It feels like forever ago that Circuit City bit the dust. Everything seemed to be humming along just fine, and suddenly, the wheels feel off. That left Best Buy, its main rival, in great shape. Suddenly, the world was its oyster. There really was no competition. But that's the issue: just because there was no issue on the retail front, online e-tailers began to eat away at Best Buy's share of the market. Over the past few years, Best Buy's growth has halted, and it has been forced to close a number of stores as sales slump. And things don't seem to be getting any better.
Now, founding Richard Schulze -- the man who has previously proposed that Best Buy return to being a private company -- has a new public plan for reshaping his baby. Best Buy needs to be reconsidered if it is to adequately compete with Amazon, and the plan involves mimicking that very company. Basically, he wants to slash prices to align with those on Amazon, while also providing in-store customer service on a level associated with Apple Retail stores. That's no small feat. Best Buy would likely resort to razor thin margins if it slashes prices to meet Amazon's level (after all, Best Buy would still have to pay infrastructure costs that Amazon doesn't have), and a new training program would likely need to be put into place to get those employees up to speed on his new service goals.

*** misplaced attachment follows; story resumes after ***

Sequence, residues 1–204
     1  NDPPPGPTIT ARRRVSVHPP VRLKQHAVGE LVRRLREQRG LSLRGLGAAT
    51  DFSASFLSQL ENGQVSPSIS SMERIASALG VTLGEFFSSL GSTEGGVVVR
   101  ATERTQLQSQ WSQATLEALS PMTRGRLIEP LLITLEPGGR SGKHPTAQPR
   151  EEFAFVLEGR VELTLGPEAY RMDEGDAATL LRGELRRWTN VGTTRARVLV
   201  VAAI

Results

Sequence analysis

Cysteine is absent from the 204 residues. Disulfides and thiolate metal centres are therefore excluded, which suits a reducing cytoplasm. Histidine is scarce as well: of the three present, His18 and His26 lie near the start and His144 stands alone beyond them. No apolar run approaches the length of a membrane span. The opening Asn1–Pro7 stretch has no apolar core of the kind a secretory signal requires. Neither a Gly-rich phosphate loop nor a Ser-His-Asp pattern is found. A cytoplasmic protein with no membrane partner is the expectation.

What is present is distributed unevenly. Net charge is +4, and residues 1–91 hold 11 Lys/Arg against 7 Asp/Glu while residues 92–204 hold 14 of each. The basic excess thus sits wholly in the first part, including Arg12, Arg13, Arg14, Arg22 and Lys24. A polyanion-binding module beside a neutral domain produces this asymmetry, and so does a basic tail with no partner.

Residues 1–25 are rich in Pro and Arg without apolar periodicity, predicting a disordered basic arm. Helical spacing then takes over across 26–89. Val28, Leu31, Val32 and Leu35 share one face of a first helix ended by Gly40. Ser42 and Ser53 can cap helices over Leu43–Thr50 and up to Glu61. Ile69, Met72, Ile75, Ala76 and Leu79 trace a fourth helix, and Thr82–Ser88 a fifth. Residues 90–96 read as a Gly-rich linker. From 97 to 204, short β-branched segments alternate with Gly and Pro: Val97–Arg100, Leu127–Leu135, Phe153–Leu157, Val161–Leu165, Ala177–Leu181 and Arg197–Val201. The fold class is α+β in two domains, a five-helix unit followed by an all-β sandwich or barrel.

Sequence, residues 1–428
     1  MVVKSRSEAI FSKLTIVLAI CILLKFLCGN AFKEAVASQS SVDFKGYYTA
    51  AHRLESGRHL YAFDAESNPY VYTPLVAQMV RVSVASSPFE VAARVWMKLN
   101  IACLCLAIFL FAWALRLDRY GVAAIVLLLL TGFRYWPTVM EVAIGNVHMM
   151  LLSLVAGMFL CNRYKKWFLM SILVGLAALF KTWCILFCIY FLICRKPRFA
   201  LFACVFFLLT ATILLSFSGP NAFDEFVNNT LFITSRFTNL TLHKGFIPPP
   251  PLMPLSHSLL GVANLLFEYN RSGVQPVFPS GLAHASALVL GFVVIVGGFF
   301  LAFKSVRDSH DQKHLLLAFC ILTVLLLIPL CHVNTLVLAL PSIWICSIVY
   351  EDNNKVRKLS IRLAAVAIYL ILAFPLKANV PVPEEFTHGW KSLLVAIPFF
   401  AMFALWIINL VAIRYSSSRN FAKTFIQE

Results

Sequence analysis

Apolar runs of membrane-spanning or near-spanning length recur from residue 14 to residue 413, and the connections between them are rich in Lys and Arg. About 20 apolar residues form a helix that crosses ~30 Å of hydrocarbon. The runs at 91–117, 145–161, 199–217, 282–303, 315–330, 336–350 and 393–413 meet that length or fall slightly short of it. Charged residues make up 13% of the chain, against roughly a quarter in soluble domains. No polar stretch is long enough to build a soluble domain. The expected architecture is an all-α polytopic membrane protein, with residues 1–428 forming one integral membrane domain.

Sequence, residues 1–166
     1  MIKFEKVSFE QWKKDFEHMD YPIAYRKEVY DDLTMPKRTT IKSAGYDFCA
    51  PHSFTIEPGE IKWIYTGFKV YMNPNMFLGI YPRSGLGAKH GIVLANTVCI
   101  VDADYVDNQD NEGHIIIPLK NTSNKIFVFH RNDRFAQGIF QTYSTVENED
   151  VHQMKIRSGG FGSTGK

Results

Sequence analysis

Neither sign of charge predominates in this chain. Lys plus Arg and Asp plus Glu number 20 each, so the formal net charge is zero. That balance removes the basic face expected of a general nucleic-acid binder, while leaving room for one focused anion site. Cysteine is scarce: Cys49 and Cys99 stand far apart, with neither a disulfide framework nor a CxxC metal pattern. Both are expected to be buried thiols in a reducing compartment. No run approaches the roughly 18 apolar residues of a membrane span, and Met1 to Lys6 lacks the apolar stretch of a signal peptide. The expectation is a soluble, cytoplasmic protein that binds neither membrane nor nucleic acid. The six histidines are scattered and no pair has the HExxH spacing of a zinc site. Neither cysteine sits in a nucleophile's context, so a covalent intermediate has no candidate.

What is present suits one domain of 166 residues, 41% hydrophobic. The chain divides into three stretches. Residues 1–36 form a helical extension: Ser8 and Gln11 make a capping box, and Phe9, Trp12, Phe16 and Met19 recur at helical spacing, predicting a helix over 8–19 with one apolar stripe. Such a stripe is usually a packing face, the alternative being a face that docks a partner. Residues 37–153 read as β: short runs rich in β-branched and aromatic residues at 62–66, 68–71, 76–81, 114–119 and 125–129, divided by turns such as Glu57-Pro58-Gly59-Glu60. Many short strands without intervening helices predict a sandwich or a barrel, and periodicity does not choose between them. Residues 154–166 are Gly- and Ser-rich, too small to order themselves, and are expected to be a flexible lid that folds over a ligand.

Will Best Buy go private? Will it soon be the Amazon of B&M? Will it return to its former glory? Something tells us 2013 will be a make or break year in a lot of ways.